Recently a couple of studies all about Twitter usage were released. This is great news to all of us working in the social media field who previously had mostly case studies and empirical experience to guide organizations in best practices for Twitter. Twitter was founded in 2006, making it one of the youngest social networks. But, what is Twitter, you ask? From Wikipedia:
Twitter is a free social networking and micro-blogging service that enables its users to send and read other users’ updates known as tweets. Tweets are text-based posts of up to 140 characters in length which are displayed on the user’s profile page and delivered to other users who have subscribed to them (known as followers). […] Estimates of the number of daily users vary as the company does not release the number of active accounts. In November 2008, Jeremiah Owyang of Forrester Research estimated that Twitter had 4-5 million users. A February 2009 Compete.com blog entry ranks Twitter as the third most used social network (Facebook being the largest, followed by MySpace), which puts the number of unique monthly visitors at roughly 6 million and the number of monthly visits at 55 million. In March 2009, a Nielsen.com blog ranked Twitter as the fastest growing site in the Member Communities category for February 2009.
But who’s using Twitter and what’s the behavior pattern. I recommend taking a look at the State of the Twittersphere from HubSpot. Inspired by Technorati.com’s State of the Blogosphere report (also highly recommended), HubSpot used Twitter Grader to compile its data. Here’s a few interesting facts from the report:
- 70% of Twitter users joined in 2008
- 20% of Twitter users have joined in the past 60 days
- The average user has been on Twitter 275 days
So it is pretty much all newbies, and mainstream adoption is just getting started.
- The most popular days of the week to Tweet are Wednesday and Thursday
- An estimated 5,000 to 10,000 new accounts are registered each day.
- Only 5% of all Twitter users have more than 250 followers.
- Only 0.8% have more than 1,000
- 22% have five or fewer followers
- Another 24% (the largest group) have between 11 and 25 followers
And here’s a slideshow summary:
We also recommend taking a look at the excellent new Pew Internet Report to inform your online social media outreach and stay current with the trends: “Twitter and Status Updating.” It’s interesting to note that bloggers use Twitter at over twice the rate as the overall Internet population (27%) and journalists we can all see are following their lead. Here’s a snippet from the report summary:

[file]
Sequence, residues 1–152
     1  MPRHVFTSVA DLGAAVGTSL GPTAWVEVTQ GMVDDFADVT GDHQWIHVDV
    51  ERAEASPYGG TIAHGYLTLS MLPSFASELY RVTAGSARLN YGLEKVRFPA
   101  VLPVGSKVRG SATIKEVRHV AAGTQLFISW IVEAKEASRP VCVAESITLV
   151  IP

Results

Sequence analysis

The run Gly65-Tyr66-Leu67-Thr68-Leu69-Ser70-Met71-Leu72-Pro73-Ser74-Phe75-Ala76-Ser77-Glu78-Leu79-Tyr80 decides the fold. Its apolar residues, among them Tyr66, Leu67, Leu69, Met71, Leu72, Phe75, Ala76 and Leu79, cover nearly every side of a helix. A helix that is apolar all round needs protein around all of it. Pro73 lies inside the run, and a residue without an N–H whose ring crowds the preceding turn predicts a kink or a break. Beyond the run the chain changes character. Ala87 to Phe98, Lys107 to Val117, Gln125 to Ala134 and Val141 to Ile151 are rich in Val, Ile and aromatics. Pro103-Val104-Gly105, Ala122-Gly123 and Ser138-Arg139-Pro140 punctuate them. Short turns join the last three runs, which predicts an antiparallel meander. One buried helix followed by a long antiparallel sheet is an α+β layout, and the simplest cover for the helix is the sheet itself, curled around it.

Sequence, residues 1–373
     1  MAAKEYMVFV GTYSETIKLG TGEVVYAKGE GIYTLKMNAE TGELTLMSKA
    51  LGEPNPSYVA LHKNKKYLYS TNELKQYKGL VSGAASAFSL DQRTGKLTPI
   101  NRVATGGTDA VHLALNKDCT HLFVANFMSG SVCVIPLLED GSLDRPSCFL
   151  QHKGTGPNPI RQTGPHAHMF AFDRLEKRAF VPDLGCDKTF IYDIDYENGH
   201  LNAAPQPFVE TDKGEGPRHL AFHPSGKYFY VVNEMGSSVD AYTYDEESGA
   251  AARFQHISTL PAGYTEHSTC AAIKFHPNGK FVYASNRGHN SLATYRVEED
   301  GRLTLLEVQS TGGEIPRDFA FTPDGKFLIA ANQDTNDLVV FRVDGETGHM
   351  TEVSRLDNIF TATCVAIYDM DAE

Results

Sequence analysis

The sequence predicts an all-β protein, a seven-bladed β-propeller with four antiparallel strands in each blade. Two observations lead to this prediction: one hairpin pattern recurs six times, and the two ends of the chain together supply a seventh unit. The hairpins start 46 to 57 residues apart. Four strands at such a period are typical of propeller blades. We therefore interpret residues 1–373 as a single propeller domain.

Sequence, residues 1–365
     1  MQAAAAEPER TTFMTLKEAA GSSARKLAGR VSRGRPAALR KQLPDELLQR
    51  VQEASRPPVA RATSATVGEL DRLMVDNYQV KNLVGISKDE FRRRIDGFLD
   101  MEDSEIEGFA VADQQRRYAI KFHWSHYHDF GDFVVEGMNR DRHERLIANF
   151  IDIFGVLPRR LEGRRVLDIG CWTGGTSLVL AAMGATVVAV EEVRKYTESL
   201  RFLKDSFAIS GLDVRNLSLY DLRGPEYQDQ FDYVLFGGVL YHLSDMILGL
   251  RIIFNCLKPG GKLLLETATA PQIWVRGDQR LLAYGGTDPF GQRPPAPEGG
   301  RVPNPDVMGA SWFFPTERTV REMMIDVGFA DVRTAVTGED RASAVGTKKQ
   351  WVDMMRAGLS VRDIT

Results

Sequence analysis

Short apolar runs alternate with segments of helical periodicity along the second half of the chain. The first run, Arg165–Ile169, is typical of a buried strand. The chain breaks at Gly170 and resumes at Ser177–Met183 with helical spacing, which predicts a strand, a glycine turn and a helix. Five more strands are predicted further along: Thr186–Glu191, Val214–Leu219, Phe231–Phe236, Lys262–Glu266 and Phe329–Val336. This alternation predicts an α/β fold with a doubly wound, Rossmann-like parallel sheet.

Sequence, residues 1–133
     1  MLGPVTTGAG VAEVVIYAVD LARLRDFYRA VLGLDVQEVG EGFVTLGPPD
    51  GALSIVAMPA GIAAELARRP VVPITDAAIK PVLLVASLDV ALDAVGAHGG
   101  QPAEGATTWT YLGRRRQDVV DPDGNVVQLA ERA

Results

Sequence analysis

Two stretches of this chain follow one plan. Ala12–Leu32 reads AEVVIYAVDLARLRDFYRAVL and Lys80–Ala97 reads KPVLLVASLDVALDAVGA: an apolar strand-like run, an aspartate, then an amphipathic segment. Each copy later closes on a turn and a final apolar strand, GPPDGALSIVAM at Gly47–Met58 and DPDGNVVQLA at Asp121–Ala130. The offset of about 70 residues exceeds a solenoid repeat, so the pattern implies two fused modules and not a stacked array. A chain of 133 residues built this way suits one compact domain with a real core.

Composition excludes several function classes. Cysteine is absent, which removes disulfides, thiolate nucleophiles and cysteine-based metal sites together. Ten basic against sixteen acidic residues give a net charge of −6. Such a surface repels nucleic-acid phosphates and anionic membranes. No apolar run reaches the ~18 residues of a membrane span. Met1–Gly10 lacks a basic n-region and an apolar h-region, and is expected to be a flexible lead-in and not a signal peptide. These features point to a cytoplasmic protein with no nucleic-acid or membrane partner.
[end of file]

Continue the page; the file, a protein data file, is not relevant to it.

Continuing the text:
As of December 2008, 11% of online American adults said they used a service like Twitter or another service that allowed them to share updates about themselves or to see the updates of others.
Twitter and similar services have been most avidly embraced by young adults. Nearly one in five (19%) online adults ages 18 and 24 have ever used Twitter and its ilk, as have 20% of online adults 25 to 34. Use of these services drops off steadily after age 35 with 10% of 35 to 44 year olds and 5% of 45 to 54 year olds using Twitter. The decline is even more stark among older Internet users; 4% of 55-64 year olds and 2% of those 65 and older use Twitter.
The use of Twitter is highly intertwined with the use of other social media; both blogging and social network use increase the likelihood than an individual also uses Twitter. Twitter users and status updaters are also a mobile bunch; as a group they are much more likely to be using wireless technologies–laptops, handhelds and cell phones–for Internet access, or cell phones for text messaging.
Read more of Cheryl Contee’s Fission Strategy blog
Cheryl Contee is a partner and co-founder of the social media consultancy Fission Strategy where she specializes in online advocacy, engagement, and communications. Prior to launching Fission Strategy, Cheryl was Vice President at Fleishman-Hillard San Francisco where she acted as lead digital strategist for the West Coast, helping clients manage their brands and online campaigns. Before Fleishman-Hillard, Cheryl led the interactive team as Vice President at Washington, DC public affairs firm Issue Dynamics Inc. where she launched and led the group blog BloggerRelations.com. Previously, she was the Web Director for Oceana, an international marine conservation organization. Before Oceana, Ms. Contee launched 40 multi-lingual Web sites for Discovery Communications as Senior Producer for International Networks for television brands Discovery Channel, Travel Channel, Animal Planet, TLC, Discovery Health, Discovery Kids, and more. You can follow her on Twitter @ch3ryl